The 2020 Toronto Blue Jays Minor League Handbook is now available! Visit our Handbook home page for more information!
Now is a great time to subscribe to the Blue Jays from Away Premium Content Section!
We continue our look at the 2020 Blue Jays by examining one of the Jays’ young catchers: Danny Jansen.
Jansen was originally a 16th-round draft pick out of high school in Appleton, Wisconsin back in 2013. Scouts liked Jansen’s bat-to-ball skills but he was considered a longer-term project, mostly due to the fact that he had come from a northern climate which limits the amount of baseball he was able to play through his high school years.
Jansen’s early minor-league career was dogged by injuries, starting in his second year in 2014 when he injured his knee as a member of the Bluefield Blue Jays. In 2015 (with Lansing) and 2016 (with Dunedin), he played a maximum of 57 games and his offensive output was limited by injuries and lack of playing time.
Jansen really started to blossom in 2017, however, and his bat started to take off as he hit .323/.400/.484 at three levels, starting at Dunedin and finishing with 21 games in Buffalo.
In 2018, Jansen spent most of the year in Buffalo, playing 88 games and hitting a solid .275/.390/.473 with 12 home runs and 21 doubles before he was called up to The Show and made his major league debut on August 13. He played in 31 games for Toronto, hitting .247/.347/.432 with six doubles and three home runs in 95 plate appearances, striking out only 17 times, holding his own against big league pitching.
Jansen played regularly in 2019 as one of the Jays’ primary catchers, playing in 107 games but his offense dropped off and he hit just .207/.279/.360 with 12 doubles, a triple and 13 home runs (coming in at an OPS+ of 70 — basically, Jansen produced offense at a rate 30% below the average big leaguer). Despite the weak hitting, his defense took a big step and he was able to accrue 1.1 WAR (according to Baseball Reference).
Jansen came into 2020 with the starting catcher job pretty much sewn up, and the Jays were looking to have him and another catching prospect, Reese McGuire, splitting the playing time. In spring training, Jansen looked incredible, hitting .500/.565/1.200 with four home runs in just nine games before things were shut down.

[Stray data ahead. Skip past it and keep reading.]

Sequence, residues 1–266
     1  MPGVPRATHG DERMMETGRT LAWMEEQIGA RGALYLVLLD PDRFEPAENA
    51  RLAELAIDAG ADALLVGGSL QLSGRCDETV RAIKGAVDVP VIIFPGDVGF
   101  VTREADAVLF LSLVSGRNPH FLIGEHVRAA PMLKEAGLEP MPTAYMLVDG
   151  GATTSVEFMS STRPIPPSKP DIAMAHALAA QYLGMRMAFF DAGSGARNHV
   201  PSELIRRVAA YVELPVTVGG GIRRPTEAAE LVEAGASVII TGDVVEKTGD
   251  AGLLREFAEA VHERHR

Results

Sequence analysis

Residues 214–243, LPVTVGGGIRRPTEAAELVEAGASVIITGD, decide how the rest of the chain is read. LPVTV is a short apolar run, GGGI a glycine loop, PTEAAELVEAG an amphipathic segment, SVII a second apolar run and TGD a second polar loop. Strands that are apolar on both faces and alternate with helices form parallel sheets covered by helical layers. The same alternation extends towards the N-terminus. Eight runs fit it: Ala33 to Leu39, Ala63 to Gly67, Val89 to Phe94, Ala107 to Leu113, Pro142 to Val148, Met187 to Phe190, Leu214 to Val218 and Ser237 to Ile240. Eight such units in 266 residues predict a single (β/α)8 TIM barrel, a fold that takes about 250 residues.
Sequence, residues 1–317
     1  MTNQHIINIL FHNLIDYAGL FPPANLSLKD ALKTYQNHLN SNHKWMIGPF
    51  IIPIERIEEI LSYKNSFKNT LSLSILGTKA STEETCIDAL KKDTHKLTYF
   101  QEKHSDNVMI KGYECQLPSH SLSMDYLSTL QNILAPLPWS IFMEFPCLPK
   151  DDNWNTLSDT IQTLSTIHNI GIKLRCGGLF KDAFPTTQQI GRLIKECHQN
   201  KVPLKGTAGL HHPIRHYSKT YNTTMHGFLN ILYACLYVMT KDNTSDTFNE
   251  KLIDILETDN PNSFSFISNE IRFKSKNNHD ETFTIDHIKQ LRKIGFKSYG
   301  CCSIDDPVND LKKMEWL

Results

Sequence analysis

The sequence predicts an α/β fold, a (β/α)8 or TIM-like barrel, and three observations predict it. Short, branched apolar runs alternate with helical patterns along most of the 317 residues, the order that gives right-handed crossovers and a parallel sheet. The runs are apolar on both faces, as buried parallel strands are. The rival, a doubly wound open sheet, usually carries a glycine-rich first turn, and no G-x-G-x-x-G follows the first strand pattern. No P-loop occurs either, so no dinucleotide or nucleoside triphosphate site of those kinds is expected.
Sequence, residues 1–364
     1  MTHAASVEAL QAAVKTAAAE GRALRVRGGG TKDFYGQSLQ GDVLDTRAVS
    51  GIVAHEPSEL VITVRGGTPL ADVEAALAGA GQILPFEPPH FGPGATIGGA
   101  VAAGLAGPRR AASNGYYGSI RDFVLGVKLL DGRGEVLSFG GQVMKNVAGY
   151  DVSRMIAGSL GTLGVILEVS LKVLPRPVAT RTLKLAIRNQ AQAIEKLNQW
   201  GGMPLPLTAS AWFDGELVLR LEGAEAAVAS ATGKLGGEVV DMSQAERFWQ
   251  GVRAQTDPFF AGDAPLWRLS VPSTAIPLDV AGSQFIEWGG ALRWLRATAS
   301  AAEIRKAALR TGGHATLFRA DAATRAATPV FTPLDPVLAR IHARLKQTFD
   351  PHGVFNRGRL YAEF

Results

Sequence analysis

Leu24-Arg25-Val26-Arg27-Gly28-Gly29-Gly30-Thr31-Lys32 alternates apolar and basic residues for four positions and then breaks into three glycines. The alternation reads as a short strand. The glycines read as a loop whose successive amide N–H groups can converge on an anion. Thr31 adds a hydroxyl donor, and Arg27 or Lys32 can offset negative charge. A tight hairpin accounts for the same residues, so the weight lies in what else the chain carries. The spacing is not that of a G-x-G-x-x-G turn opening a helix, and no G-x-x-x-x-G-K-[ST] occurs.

When the season started again, Jansen had cooled considerably and he hit just .155/.307/.268 through the first month and a bit of the season. But as the season wore on, he found his stride a bit more, posting a .224/.321/.490 slash line over the last month of the season (18 games) with four of his six home runs coming over that span. Overall, while Jansen hit for just a .183 batting average, his .313 OBP and .358 SLG were much better with the OBP improving on his 2019 numbers considerably. That was good for an 85 OPS+ (now he was just 15% worse than the average big leaguer in terms of offensive production) and he had a WAR of 0.6 (according to Baseball Reference, 0.4 according to Fangraphs) over 43 games.
Jansen did have a huge Game 2 in the wildcard series against Tampa Bay, hitting two solo home runs and accounting for all of the Blue Jays’ runs in that game, giving us some hope for his production in the future.
That said, some of the advanced metrics give us pause. His exit velocity was very poor in 2020 as it dipped to 85.1 mph on average, sitting in the fifth percentile in the league. He also was in just the 31st percentile when it came to the percentage of his balls that were considered hard-hit. On the bright side, he was above average in barrel percentage (55th percentile), whiff percentage (56th percentile) and was near the top of the league in walk rate (88th percentile) although his pitch framing was seen as being in just the 26th percentile.
The Blue Jays have some interesting decisions to make around their caching situation for 2021. While the Jays are not really considered major players for free agent J.T. Realmuto, they could make a splash on a catcher the way they did with Russell Martin several years ago. They also have growing depth at the position with Alejandro Kirk making his big league debut in 2020 and with Gabriel Moreno being added to the club’s 40-man roster in November and making a some noise at the Alternate Training Site last season.
The big question for Jansen is whether he can make an impact in 2021, otherwise, he could be overtaken or even traded.
If you like us here, like us on Facebook!
All photos are copyright Blue Jays from Away (2013-2020) and may not be used without permission.